Roasted Tomato and Red Pepper Soup


Cool nights are encroaching, friends. Long-forgotten sweaters are coming out of the closet. It’s time to oil up a sheet pan and start roasting vegetables. What’s that you say? You’re drowning in tomatoes? You can’t eat them fast enough? You’re losing sleep over finding a worthy home for them all? Well, rest easy. You just found a noble purpose for a whole mess of them: Roasted Tomato and Red Pepper Soup. Things are looking up.

When it comes to soup, tomatoes like to brashly elbow other flavors out of the spotlight. I’m duly impressed by all their ruby-red brightness.  But it doesn’t hurt to enhance them with a few back-up singers: a subtle hint of spice, and the earthy caramelized goodness that comes with roasted peppers and shallots. The tomato still gets a starring role, it’s just forced to harmonize. The complex flavors in this soup jostle and nudge each other for position, but no one outshines the others. They’re stuck with complimenting each other to perfection.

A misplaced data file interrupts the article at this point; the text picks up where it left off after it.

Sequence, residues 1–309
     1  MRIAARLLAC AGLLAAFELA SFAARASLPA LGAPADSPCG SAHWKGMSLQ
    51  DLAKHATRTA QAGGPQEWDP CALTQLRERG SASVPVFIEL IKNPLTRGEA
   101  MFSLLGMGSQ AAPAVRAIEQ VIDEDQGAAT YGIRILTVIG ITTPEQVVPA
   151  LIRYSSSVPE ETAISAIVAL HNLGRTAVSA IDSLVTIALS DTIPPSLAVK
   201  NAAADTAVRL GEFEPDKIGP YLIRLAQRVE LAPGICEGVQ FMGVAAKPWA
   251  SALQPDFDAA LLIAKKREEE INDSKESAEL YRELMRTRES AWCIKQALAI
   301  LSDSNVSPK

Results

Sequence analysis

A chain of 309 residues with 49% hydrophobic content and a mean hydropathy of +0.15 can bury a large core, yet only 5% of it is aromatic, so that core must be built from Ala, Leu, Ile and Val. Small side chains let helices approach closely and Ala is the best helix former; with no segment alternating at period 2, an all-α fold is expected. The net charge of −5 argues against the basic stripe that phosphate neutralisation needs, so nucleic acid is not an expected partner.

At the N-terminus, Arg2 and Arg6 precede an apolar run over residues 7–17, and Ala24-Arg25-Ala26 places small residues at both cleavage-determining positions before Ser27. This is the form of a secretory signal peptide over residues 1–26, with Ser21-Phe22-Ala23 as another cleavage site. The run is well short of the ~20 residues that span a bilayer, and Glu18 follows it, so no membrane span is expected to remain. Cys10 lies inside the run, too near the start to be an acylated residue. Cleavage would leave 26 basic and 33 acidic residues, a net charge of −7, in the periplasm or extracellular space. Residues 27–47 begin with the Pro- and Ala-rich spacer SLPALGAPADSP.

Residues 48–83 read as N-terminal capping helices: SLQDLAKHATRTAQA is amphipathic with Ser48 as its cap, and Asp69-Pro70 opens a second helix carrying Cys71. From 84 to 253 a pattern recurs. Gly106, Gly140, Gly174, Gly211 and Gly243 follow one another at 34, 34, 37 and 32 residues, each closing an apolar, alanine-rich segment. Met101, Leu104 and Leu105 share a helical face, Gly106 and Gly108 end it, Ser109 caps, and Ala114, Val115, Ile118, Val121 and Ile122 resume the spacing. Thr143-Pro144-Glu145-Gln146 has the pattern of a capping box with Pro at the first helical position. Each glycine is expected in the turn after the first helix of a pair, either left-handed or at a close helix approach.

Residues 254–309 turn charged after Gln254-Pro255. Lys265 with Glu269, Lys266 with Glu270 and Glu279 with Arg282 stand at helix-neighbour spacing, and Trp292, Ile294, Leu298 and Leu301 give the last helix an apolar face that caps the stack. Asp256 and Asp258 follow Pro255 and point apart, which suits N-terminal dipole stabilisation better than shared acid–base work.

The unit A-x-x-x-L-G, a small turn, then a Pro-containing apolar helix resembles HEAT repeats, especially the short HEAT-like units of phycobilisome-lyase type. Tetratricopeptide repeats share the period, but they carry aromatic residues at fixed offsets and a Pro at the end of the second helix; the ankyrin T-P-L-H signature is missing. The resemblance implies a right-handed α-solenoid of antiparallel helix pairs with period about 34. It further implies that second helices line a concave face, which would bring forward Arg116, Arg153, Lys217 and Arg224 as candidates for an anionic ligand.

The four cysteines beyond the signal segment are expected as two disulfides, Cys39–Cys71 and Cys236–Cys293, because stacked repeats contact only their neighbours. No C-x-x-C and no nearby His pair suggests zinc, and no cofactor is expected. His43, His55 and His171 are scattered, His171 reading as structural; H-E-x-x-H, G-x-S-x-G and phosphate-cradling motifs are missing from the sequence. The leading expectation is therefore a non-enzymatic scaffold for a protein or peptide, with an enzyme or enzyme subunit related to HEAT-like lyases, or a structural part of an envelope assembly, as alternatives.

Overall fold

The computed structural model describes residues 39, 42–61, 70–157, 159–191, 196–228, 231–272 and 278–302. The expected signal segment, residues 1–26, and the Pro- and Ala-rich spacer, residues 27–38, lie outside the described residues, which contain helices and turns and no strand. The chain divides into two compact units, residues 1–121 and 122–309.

The shallots, garlic and red pepper are roasted with nothing more than olive oil and sea salt. Some things in life can’t be improved upon.  The tomatoes are roasted with a sprinkling of coriander, because together they smell like flowers in summer.  But the crowning glory of this soup, the element that brings all the others together, is a smidge of hot smoked paprika. Suddenly the soup goes from being better-than-average to being alluring, deep, and smoky.